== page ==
— Social Sciences and Humanities Research Council Project, 2021-2024

Title: “AI Everywhere: The Mythical and Religious Roots of Algorithmic Faith”

Project lead: Teresa Heffernan, Professor, English Department, Saint Mary’s University, Halifax, Canada

While Google head Sundar Pichai plans to have “AI everywhere” and an “AI-first world,” this SSHRC-funded interdisciplinary project challenges some of the founding assumptions driving the industry’s push for the omnipresence of artificial intelligence. The project will consider the proposition that techno-utopianism, the view that AI is the answer to all problems, is deeply rooted in religion and myth, and that the concomitant faith in algorithms effaces the differences between the organic and synthetic, and language and code. The first part of the project involves identifying religious and mythical references in the writings of the founders of AI, such as Alan Turing and Norbert Wiener, and considering the significance of such findings in the history of the development of AI concepts and debates. The second part, as institutes are being established to address the pressing concerns of AI and society, is to call for a paradigm shift that reframes the relationship between code-based AI/machine language and language-based humanities. Some activities associated with these objectives include: researching web-based and physical archives of the “fathers of AI” and publishing relevant findings; hosting an interdisciplinary scholarly workshop that will result in an edited book; hosting an AI/robotics film series and panel at the Halifax Public Library; and offering an upper level seminar course connected to the workshop. These activities will be conducted with the assistance of undergraduate and graduate level students.

— SSHRC Project, 2013-2019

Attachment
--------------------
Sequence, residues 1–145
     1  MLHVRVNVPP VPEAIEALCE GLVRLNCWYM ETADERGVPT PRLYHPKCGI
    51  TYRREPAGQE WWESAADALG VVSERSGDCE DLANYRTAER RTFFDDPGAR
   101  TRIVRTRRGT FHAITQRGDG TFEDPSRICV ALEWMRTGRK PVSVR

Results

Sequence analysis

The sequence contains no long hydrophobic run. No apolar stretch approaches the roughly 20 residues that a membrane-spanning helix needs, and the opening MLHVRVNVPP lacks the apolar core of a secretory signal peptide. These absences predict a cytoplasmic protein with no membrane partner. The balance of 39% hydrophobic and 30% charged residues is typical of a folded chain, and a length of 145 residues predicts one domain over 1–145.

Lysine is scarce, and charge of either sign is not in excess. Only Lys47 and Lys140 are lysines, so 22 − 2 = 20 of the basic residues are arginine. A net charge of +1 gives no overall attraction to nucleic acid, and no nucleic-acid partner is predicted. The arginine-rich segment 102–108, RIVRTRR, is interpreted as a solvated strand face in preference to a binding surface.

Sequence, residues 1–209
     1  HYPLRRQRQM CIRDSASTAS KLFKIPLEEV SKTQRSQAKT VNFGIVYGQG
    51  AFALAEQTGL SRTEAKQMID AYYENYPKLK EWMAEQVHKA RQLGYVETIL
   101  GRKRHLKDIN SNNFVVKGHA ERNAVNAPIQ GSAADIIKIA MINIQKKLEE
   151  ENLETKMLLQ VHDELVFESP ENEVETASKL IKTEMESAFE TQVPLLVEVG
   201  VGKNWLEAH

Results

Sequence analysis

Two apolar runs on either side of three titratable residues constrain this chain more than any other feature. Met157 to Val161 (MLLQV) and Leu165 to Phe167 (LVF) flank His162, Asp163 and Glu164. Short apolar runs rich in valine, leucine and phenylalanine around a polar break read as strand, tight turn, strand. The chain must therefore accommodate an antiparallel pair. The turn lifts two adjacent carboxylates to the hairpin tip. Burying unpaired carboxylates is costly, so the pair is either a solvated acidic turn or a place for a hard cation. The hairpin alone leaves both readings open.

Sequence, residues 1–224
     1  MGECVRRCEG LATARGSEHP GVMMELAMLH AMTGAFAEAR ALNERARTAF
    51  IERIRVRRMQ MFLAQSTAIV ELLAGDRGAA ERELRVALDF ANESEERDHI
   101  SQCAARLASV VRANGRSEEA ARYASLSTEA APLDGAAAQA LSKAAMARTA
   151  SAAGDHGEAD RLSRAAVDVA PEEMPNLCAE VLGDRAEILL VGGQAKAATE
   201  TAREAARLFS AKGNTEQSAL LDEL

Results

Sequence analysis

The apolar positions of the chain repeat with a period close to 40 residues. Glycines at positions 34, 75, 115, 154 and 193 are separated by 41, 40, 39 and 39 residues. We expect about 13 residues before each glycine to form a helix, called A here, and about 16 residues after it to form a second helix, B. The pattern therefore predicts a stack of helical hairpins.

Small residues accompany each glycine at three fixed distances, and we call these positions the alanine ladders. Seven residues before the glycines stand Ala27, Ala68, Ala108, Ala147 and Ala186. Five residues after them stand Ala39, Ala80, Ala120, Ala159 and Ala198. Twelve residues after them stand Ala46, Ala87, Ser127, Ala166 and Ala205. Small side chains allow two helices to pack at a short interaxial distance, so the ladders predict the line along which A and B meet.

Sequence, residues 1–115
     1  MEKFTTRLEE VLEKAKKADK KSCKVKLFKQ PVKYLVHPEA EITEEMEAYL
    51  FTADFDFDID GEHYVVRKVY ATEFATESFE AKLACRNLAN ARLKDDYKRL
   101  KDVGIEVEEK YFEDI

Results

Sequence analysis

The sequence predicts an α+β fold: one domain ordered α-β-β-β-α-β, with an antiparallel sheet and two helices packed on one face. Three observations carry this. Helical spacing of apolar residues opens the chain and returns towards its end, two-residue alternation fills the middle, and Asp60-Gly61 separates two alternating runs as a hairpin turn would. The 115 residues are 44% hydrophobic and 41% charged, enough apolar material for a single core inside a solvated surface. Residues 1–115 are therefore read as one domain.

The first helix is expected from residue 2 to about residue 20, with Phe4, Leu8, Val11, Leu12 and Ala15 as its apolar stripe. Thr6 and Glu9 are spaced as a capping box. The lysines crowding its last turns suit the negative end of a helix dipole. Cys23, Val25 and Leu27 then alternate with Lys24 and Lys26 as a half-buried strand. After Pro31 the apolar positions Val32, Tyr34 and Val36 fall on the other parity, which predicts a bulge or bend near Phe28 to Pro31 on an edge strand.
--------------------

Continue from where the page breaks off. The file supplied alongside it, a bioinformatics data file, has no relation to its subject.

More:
Title: “Where Science Meets Fiction: Social Robots and the Ethical Imagination”

Project lead: Teresa Heffernan, Professor, English Department, Saint Mary’s University, Halifax, Canada

This project explored the ethical and existential questions that emerge from the entanglement of the science and the fiction of robotics/AI. It considered why science uses fiction even as it marginalizes the literary imagination in discussions of a technological future, why the animal is so often problematically collapsed with the machine, and how the categories and narratives about robots and animals differently produce the human. The fieldwork component of the study entailed meeting designers of robotics/AI to trace where fictional models come into play in their work, why scientists invoke them, and where fictional narratives and scientific practices intersect, differ, breakdown, and conflict. The project culminated in a two-day public workshop, titled Cyborg Futures: Animal Life and Social Robots. A summary of the workshop is available here, as are videos of the talks given by Louis Chude-Sokei, Despina Kakoudaki, Lucy Suchman, Kathleen Richardson, Illah R. Nourbakhsh, Vikram Chandra, and John Long. The proceedings of the workshop resulted in the publication of Cyborg Futures: Cross-disciplinary Perspectives on Artificial Intelligence and Robotics, edited by Teresa Heffernan (Palgrave 2019).

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